Common law dedication occurs when there has been public use over a prolonged period of time.  Many times this may consist of privately owned property.   This would actually result in a right of way easement: the landowner still owes (and pays taxes on!) the property, but has transferred the authority to the highway authority for as long as it remains a road.  Some landowners do not realize this.  They think that by owning this, THEY have authority over the property.  Utilities can be an exception here.  When a utility company wants to install or repair utilities on ROW, they must contact and may even have a permit from the highway authority.  If the property in question is of a common law dedication, they MUST also have the permission of the land owner.

The land in a common law dedication may be quit-claimed to the highway authority, making the public body the landowner for that property.

Before doing any work in the right of way, the local highway authority MUST approve of any work performed.  This includes fences, culverts, mailboxes, signs, and even plants.  Each state or local agency may have its own rules for ‘setbacks’, or how far from the right of way construction should be.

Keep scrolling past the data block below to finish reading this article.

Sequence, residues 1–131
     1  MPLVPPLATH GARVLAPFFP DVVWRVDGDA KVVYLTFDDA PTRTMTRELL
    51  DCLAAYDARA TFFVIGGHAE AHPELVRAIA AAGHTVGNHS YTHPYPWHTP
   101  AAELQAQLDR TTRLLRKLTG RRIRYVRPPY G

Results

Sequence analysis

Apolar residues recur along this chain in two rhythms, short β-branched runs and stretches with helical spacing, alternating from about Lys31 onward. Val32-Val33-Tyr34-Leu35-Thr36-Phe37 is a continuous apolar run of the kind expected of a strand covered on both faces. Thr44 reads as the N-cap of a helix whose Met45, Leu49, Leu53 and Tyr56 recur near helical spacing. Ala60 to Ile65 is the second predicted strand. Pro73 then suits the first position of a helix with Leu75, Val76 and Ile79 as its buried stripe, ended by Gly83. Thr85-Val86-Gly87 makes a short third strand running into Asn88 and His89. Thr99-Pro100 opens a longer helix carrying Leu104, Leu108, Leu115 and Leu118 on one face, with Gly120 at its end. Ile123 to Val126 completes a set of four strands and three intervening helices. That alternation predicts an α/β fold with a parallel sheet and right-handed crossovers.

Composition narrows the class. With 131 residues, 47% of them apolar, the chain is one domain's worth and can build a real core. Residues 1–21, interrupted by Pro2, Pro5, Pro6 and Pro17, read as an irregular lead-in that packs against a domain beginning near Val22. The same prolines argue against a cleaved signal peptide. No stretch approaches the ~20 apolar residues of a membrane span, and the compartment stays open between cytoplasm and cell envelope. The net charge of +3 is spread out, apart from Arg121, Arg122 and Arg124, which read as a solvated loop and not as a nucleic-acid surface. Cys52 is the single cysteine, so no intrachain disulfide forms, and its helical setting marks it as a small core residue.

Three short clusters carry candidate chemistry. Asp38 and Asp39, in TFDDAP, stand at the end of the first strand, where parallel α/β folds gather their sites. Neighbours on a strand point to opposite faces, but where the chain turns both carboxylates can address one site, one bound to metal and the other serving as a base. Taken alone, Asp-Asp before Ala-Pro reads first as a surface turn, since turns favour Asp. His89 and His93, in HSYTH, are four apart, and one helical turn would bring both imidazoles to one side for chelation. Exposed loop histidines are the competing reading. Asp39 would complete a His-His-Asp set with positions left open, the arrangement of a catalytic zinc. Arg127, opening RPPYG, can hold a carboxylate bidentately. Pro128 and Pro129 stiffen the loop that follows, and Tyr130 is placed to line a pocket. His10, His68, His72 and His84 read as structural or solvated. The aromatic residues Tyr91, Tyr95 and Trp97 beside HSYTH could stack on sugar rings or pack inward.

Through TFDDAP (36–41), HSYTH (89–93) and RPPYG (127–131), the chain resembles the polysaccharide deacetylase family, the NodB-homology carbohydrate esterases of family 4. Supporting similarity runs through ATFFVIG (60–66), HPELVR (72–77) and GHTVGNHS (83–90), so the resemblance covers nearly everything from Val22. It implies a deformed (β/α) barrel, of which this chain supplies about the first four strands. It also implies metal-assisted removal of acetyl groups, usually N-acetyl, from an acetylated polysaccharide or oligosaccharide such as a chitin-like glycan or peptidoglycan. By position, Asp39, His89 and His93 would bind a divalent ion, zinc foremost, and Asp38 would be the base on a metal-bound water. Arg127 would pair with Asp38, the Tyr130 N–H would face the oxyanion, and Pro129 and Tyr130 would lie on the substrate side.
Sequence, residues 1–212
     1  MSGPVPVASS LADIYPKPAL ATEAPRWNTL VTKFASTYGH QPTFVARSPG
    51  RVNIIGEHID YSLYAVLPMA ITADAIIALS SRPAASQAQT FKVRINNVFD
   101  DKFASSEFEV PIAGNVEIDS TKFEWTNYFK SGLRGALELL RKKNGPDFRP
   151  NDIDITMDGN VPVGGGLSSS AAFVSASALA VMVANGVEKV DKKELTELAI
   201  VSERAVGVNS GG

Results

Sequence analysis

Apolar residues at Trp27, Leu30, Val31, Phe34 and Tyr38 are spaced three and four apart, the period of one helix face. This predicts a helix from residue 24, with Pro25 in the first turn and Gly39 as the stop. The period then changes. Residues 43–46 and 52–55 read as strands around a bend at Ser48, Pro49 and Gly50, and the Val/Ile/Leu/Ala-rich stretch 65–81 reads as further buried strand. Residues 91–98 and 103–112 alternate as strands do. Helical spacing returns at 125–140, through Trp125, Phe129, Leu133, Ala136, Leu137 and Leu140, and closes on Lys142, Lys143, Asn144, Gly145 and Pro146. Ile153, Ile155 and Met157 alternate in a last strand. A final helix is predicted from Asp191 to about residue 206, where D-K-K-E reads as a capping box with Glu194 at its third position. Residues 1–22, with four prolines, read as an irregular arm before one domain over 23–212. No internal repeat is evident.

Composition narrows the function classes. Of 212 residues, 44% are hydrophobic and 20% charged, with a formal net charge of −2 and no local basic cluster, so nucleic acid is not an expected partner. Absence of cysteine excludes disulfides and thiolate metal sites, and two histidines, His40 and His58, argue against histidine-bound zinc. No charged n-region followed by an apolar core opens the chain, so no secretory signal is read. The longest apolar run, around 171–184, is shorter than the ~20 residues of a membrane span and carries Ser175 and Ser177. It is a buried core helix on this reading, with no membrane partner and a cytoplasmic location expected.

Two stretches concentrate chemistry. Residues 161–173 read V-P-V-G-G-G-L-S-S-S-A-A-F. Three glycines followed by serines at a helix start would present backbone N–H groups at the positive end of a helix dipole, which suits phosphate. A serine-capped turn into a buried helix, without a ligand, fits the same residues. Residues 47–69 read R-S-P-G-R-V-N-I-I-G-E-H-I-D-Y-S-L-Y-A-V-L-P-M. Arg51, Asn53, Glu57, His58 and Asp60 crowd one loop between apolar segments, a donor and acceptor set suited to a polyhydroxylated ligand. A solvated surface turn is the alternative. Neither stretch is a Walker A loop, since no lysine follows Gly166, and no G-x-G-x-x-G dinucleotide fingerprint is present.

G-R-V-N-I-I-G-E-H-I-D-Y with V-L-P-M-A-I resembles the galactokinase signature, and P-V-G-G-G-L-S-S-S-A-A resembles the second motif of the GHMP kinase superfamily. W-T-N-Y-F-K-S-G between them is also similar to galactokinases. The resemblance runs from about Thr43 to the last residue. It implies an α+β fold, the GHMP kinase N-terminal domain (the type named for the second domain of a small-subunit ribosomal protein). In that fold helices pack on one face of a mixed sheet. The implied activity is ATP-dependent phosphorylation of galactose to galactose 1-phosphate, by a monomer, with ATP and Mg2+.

To find out what the right of way is contact the proper highway department.  Many times a township may not know what the answer is, and might consult with the County Engineer for their county.  A search should be done for any dedicated right of way.  Some counties have mapping systems, or GIS, that map out where the right of way is.  In Illinois, the Illinois Department of Transportation has a field report record for every road that shows the right of way.  There can be conflicts between one or all of these methods, and the final answer can be engineers judgement at times.  To be conservative, I would say in case of conflict, use the smallest right of way.  In Illinois, the absolute minimum right of way by law is 40 feet.   This is for both dedicated and prescriptive right of way.   I have seen subdivision plats showing 30 feet, but that is in violation of the law, even if accepted by the local government.